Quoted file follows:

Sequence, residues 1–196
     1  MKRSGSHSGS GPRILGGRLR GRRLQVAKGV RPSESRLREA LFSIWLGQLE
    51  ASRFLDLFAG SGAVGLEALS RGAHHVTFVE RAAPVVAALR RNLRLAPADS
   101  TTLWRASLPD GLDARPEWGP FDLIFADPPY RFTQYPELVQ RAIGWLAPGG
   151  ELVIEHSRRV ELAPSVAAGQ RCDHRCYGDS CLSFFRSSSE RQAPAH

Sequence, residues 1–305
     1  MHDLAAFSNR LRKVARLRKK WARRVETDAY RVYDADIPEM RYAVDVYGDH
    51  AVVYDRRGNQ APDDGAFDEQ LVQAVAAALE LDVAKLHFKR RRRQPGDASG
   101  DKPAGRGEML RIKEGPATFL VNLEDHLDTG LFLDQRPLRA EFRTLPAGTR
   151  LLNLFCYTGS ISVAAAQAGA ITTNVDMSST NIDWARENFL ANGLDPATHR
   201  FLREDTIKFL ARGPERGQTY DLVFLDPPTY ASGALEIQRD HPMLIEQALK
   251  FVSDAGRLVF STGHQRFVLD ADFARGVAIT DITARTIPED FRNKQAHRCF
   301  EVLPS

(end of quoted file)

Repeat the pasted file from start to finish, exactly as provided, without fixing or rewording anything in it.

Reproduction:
Sequence, residues 1–196
     1  MKRSGSHSGS GPRILGGRLR GRRLQVAKGV RPSESRLREA LFSIWLGQLE
    51  ASRFLDLFAG SGAVGLEALS RGAHHVTFVE RAAPVVAALR RNLRLAPADS
   101  TTLWRASLPD GLDARPEWGP FDLIFADPPY RFTQYPELVQ RAIGWLAPGG
   151  ELVIEHSRRV ELAPSVAAGQ RCDHRCYGDS CLSFFRSSSE RQAPAH

Sequence, residues 1–305
     1  MHDLAAFSNR LRKVARLRKK WARRVETDAY RVYDADIPEM RYAVDVYGDH
    51  AVVYDRRGNQ APDDGAFDEQ LVQAVAAALE LDVAKLHFKR RRRQPGDASG
   101  DKPAGRGEML RIKEGPATFL VNLEDHLDTG LFLDQRPLRA EFRTLPAGTR
   151  LLNLFCYTGS ISVAAAQAGA ITTNVDMSST NIDWARENFL ANGLDPATHR
   201  FLREDTIKFL ARGPERGQTY DLVFLDPPTY ASGALEIQRD HPMLIEQALK
   251  FVSDAGRLVF STGHQRFVLD ADFARGVAIT DITARTIPED FRNKQAHRCF
   301  EVLPS